It’s important to remember the distinction between endocannabinoids and phytocannabinoids. Endocannabinoids occur naturally in the body, while phytocannabinoids can be found in plants.
Phytocannabinoids may have some structural similarities, but they are not the same thing.
Therefore, there is no reason to believe that supplementing the mother with phytocannabinoids will help to support the infant.
How Long After Taking CBD Can I Breastfeed?
Anyone hoping to be able to use the “pump and dump” approach will also be disappointed. Similar studies of THC found that it was still present in breast milk six days after exposure.
For this reason, it isn’t worth the risk of exposure.
Women who are pregnant or breastfeeding should steer clear of all products containing CBD.
Is CBD Harmful To Babies?
We simply don’t know what impact CBD could have on a babies development.
Therefore, the medical community advises against pregnant or breastfeeding women using CBD due to the unknown effects on infants.
It isn’t only the CBD content that could be potentially hazardous. There is also the risk of THC contamination.
In addition, less reputable CBD brands may not disclose the actual THC content, which could be potentially dangerous.
There is also the risk of contamination by pesticides, heavy metals and microbes.
This can occur as the result of poor production procedures, and poor hygiene produces during manufacturing.
How Long Does CBD Stay In Your System?
CBD can stay in your system for 2 to 5 days, with some suggesting that it could remain detectable after five days. A high concentration dose of CBD oil could last for up to 15 days.
Parents may sometimes choose to “pump and dump” the day after they have consumed alcohol to help protect the child, but this doesn’t work the same for CBD.
The compound could still be present in the body for days after the initial exposure.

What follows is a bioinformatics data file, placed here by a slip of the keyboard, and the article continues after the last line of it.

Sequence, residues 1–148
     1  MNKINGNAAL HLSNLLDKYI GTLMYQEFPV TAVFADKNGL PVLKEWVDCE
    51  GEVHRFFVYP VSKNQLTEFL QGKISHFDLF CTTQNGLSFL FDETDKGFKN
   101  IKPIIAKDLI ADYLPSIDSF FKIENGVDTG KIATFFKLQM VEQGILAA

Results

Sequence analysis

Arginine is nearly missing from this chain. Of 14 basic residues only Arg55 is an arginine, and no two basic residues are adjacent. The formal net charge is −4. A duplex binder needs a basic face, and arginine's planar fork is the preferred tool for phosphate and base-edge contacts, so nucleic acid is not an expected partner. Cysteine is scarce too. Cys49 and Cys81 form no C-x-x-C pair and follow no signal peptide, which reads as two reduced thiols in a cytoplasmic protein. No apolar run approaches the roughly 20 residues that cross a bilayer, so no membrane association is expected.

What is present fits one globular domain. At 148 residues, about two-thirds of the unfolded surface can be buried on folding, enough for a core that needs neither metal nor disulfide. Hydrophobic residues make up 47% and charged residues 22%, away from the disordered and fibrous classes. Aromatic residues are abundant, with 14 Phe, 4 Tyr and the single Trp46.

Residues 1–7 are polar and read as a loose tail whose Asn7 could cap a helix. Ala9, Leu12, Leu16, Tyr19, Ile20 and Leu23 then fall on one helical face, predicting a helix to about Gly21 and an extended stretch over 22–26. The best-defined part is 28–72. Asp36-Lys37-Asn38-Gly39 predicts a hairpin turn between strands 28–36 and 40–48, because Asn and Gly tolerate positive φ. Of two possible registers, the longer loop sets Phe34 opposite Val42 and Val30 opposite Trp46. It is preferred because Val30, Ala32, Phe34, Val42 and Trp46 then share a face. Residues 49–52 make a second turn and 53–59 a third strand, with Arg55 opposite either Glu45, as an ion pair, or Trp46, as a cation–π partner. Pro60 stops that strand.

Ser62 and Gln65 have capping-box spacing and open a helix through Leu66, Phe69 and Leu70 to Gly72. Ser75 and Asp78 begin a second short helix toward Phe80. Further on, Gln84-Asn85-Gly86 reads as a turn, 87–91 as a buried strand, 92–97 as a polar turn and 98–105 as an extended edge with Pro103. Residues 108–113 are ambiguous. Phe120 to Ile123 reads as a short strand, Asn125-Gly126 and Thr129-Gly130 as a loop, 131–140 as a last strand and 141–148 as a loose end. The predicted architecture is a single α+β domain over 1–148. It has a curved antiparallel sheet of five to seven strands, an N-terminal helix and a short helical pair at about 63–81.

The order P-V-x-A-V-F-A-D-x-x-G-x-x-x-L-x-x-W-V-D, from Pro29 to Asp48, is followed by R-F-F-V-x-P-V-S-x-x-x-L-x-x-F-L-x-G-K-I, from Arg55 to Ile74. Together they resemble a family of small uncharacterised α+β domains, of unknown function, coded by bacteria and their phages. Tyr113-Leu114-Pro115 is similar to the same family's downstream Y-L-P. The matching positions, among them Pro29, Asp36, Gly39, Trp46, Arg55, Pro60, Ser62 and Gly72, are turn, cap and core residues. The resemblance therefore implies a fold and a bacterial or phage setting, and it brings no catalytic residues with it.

What Alternative Remedies Are Available?
New mums need a lot of extra support to stay healthy and happy after giving birth.
If you are turning to CBD to help with symptoms of anxiety, you may need to find an alternative method until you have stopped breastfeeding.
The four most common remedies for postpartum anxiety that are safe to use when breastfeeding are:
- Passiflora incarnata (Passionflower)
- Withania somnifera (Ashwagandha)
- Scutellaria (Skullcap), and
- Eleutherococcus (Eleuthro)
These herbal remedies may help to manage symptoms of anxiety without risking your child’s health.
Once you have stopped breastfeeding, it should be safe to continue using your favourite CBD products – provided they do not interact with any medications you might be taking.
Your tolerance to CBD may have changed after childbirth, so we recommend starting from scratch with your dosing regimen.
Start low and increase slowly while paying close attention to how the CBD makes you feel.
New mums may be more susceptible to certain side effects such as drowsiness. If you’re already sleep-deprived, taking CBD oil could make you feel more sleepy during the day.
If in doubt, always consult with your pharmacist or GP before adding any supplements to your routine.